Note:  Do not rely on this information. It is very old.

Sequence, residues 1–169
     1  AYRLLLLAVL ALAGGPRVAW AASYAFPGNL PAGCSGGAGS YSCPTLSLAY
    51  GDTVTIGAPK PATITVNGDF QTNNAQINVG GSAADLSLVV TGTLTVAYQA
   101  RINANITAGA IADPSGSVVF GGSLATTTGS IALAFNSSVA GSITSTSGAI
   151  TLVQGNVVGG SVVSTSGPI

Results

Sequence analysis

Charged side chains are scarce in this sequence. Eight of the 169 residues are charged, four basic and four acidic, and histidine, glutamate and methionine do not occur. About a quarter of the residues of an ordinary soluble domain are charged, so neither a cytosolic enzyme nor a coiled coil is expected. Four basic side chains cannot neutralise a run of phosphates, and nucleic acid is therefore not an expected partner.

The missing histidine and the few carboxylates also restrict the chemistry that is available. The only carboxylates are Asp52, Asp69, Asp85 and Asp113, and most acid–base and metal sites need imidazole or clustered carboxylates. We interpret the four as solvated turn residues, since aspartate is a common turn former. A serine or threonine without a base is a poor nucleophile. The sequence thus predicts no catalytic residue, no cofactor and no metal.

Cleavage, Slaty, the division of a rock into layers capable of being indefinitely subdivided, having the same mineral composition, mostly made up of non-crystalline particles, and differing altogether in direction from the planes of bedding or stratification. Cleavage occurs notably in argillaceous rocks, which are known as clay-slates, and belong either to the older geological formations, Cambrian, Ordovian, or Silurian, or are in the neighbourhood of intrusive igneous rocks or other disturbed district. The "strike" of the cleavage-planes, or their direction across the country as laid down on the map, generally remains parallel over wide areas, coinciding with that of the principal folds in the crumpled rocks. Their "dip" or inclination to the horizon is generally either vertical or nearly so, thus cutting crumpled bedding-planes at various angles. Fossils are distorted along the faces of the cleavage-planes, and pebbles often cut through by them. Microscopic examination shows the rock-particles arranged with their longer axes parallel to the planes, thus giving a "grain" to the rock, and obviously compressed. Scales of mica and small garnets are common in slates. These characters and experiments with hydraulic pressure upon wax, clay, etc., made by Tyndall, Sorby, and others, show slaty cleavage to be the result of tangential (horizontal) pressure. It must not be confused with crystalline cleavage, the splitting up of a crystal into smaller crystals.